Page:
Contribute your shot to the SC Picture Project or see our most recent photo submissions.

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5. Upcoming SC Festivals & Events

For a complete calendar of South Carolina festivals and events, visit https://www.sciway.net/calendar.html. Here are just a few of June and early July's highlights:

Sun Fun Festival - Myrtle Beach - air shows, parade, pageants, sporting events, kids' fair - June 5-9

Scottish Games & Highland Festival - Greenville - highland dancing, parade, Scottish athletic competitions, pipe bands, children's events - June 6-7

Mighty Moo Festival - Cowpens - honors crewmen who served aboard the USS Cowpens in WWII with music, food, rides, games, fireworks - June 11-14 - site no longer exists

Edisto Riverfest - Walterboro - canoeing, kayaking, workshops, food, artisans - June 14-15 - site no longer exists

Hampton County Watermelon Festival - Contests, music, parade, food, family fun - June 14-22

South Carolina Festival of Flowers - Greenwood - garden tours, music, children's activities - June 20-22

South Carolina Peach Festival - Gaffney - family fun fest, sporting events, parade - June 20-29

Island Heritage Festival - James Island - honoring the Gullah culture - June 27-29 - site no longer exists

Lexington County Peach Festival - Parade, pageants, recipe contests, car show - July 4

Patriot's Point 4th of July Celebration - Mount Pleasant - food, children's area, music, fireworks launched from USS Yorktown - page no longer exists

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6. Pearl Fryar's Topiary Gardens: Yard of the Century

A Cut Above – When Pearl Fryar moved to Bishopville in 1976, the three acres that surround his suburban ranch-style home consisted of nothing but flat, barren cornfields. In the early eighties, he began planting and pruning trees and shrubs. After two-and-a-half decades of near constant labor, he has transformed his yard into an internationally-known topiary garden that attracts 5,000 visitors a year. This month, SCIway traveled to Bishopville to meet Mr. Fryar, who talked to us for the better part of two hours and treated us to ice cold bottles of water and our very first ride on a cherry picker!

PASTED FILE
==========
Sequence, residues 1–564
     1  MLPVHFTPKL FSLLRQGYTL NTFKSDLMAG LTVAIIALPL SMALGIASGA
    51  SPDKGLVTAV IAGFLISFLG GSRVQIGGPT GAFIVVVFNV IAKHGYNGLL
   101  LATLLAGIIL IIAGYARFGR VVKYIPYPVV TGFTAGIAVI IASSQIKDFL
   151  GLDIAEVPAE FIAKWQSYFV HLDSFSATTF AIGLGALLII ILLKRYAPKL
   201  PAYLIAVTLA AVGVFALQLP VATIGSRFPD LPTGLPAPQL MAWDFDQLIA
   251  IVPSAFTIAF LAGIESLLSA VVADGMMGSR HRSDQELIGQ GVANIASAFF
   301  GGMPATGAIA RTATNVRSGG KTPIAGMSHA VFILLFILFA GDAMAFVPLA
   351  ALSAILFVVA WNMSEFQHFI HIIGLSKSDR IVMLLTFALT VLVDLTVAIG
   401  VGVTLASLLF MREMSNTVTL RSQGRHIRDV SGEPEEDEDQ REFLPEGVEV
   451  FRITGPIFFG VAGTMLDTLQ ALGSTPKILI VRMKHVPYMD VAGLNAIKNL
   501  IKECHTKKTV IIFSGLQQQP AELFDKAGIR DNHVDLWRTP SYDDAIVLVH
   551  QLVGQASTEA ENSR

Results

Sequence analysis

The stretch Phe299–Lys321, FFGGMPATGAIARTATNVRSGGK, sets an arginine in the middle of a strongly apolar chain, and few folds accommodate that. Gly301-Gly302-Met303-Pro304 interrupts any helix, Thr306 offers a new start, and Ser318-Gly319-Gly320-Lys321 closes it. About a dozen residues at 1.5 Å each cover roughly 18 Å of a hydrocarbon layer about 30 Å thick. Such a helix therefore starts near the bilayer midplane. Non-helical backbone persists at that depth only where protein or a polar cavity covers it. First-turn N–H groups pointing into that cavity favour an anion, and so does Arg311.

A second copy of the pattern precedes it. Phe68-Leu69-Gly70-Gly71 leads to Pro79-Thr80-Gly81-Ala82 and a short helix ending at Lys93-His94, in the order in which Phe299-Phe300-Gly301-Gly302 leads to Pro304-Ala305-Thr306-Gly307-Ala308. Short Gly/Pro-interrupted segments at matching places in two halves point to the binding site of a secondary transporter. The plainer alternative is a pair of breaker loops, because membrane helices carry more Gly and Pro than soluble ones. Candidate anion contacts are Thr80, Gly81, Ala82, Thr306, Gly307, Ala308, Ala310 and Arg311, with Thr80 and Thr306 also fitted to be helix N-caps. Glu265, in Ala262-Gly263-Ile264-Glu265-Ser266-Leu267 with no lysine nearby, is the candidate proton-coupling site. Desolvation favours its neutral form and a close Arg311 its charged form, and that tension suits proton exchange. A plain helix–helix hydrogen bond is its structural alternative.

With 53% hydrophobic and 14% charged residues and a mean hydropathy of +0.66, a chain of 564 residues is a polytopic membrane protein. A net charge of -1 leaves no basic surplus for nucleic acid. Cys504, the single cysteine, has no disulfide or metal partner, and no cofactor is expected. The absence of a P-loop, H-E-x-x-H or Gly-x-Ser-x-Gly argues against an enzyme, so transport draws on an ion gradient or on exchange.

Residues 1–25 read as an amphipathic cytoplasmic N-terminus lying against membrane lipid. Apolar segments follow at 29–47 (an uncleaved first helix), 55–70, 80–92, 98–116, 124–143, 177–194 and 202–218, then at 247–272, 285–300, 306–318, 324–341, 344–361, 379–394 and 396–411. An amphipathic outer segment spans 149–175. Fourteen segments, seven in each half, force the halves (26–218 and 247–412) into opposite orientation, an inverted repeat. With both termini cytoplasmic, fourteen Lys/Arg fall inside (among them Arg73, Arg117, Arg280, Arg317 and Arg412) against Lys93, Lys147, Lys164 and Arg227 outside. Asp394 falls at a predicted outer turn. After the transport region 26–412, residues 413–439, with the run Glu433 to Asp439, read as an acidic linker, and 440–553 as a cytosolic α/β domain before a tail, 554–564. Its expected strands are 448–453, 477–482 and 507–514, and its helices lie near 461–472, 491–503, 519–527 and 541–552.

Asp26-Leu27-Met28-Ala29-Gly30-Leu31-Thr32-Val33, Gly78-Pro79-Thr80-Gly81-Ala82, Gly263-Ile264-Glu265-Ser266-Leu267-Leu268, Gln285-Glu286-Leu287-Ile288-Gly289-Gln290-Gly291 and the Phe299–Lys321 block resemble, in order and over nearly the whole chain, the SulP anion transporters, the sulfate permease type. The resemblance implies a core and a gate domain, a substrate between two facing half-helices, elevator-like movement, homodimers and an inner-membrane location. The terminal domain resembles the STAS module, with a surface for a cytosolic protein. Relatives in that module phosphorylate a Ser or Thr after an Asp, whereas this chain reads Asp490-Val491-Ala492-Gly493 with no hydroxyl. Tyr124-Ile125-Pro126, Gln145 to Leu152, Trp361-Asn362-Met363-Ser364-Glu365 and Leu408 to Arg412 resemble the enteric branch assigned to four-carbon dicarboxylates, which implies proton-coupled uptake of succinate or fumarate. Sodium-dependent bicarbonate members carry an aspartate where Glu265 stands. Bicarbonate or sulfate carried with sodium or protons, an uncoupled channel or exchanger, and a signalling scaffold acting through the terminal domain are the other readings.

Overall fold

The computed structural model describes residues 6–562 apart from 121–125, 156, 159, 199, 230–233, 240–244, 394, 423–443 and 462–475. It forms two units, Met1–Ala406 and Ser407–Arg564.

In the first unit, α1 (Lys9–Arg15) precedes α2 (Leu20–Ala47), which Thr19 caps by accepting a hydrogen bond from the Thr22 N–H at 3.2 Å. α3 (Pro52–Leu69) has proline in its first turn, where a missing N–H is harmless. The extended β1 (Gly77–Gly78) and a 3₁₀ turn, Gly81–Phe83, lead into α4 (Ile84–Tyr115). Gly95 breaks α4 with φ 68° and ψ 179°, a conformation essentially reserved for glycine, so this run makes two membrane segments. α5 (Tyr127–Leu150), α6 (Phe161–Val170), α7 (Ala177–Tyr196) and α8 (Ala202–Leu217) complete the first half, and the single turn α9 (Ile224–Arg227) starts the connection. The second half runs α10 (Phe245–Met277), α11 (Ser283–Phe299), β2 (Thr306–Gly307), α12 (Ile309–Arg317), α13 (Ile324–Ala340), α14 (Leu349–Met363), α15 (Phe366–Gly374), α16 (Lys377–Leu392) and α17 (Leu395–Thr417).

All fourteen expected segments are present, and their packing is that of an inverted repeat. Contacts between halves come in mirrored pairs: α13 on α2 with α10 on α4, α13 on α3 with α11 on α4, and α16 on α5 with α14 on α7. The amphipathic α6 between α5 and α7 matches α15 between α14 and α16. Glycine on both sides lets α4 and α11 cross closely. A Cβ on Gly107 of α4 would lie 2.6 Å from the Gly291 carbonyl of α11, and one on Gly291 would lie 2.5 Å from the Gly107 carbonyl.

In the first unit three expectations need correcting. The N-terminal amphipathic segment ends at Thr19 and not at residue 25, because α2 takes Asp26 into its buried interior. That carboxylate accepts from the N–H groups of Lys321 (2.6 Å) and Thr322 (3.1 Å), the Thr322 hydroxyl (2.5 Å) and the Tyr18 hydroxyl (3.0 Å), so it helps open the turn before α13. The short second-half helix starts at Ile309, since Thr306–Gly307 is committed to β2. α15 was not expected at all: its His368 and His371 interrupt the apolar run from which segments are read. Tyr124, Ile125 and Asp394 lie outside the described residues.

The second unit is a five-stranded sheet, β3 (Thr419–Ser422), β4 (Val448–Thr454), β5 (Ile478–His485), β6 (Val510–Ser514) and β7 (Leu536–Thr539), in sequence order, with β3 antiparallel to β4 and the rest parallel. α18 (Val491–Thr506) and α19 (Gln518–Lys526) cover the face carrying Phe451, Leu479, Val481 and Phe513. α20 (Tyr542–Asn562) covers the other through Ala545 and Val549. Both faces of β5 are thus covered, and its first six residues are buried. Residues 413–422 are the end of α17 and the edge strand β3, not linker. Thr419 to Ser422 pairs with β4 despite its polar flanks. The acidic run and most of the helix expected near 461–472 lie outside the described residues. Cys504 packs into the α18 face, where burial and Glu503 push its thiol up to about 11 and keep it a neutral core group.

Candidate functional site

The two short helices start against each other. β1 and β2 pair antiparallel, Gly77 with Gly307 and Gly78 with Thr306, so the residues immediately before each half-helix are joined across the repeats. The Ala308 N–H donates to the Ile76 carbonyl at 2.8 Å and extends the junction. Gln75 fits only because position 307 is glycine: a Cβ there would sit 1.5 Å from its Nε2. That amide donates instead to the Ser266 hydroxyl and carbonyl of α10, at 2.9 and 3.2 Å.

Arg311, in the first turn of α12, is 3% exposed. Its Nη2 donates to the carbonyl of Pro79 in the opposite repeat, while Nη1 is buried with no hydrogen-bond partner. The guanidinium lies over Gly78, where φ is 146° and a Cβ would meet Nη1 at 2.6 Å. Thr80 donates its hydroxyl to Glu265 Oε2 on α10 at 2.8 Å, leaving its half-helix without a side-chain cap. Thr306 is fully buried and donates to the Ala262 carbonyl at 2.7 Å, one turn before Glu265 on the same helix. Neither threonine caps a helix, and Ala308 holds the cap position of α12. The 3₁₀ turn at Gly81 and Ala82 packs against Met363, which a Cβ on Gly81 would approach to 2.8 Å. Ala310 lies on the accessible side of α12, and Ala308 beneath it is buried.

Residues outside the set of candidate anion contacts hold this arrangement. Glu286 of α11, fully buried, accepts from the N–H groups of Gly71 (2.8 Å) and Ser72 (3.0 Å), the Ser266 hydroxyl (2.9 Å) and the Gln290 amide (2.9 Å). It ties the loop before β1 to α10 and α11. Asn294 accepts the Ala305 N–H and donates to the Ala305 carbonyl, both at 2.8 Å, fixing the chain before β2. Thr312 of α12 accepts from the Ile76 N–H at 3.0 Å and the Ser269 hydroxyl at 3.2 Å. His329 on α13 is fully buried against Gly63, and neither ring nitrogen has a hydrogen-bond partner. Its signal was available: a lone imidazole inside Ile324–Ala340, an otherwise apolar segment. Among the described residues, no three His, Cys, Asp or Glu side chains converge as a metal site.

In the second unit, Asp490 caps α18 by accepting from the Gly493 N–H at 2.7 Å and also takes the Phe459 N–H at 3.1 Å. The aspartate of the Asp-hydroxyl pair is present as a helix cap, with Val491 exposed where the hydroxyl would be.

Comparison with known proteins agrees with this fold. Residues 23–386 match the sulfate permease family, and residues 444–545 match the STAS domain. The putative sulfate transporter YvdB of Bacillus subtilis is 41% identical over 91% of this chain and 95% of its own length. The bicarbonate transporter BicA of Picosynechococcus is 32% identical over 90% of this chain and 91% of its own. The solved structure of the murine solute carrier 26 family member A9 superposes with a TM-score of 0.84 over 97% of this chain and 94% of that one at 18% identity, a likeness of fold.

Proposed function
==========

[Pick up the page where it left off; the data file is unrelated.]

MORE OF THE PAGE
Madness lends itself to legend, and by now most of us have heard the story behind Pearl Fryar's wild, whimsical garden just outside Bishopville in Lee County. Mr. Fryar, they say, simply wanted to win "Yard of the Month."

Fryar regularly spreads this rumor himself, but dig a little deeper, and you may find yourself asking, "Why?" Turns out that when Fryar, his wife Metra, and their son Patrick first came to Bishopville back in the early eighties, they tried to buy a house in an all-white neighborhood but soon found they weren't welcome. Black folks, they were told, "don't keep up their yards."

Pearl Fryar Fishbone Topiary Pearl Fryar with His Love and Unity Sculpture Pearl Fryar and His Pothead

A quarter-century later, it's pretty clear that's not the case. Since that time, Fryar has won "Yard of the Month" three times – a feat considering the piece of property he eventually bought lies outside of the town's limits and isn't technically even eligible. He's also been awarded a Medal of Honor in Art from Winthrop University and serves as artist-in-residence at Coker University, where he teaches classes.

If that weren't enough, he's also a hot commodity on the lecture circuit, traveling near and far to speak and demonstrate his unorthodox techniques. His topiaries have sold as installations of "living sculpture" to museums for as much as 35 grand apiece. He's a fixture on television shows including HGTV and PBS's Victory Gardens. Perhaps most impressive of all, his garden was recently selected by the Garden Conservancy as one of the four most important gardens in the Southeast. As such, they hope to help preserve it long after Fryar himself is gone. (South Carolina's Brookgreen Gardens is another of the four gardens selected.)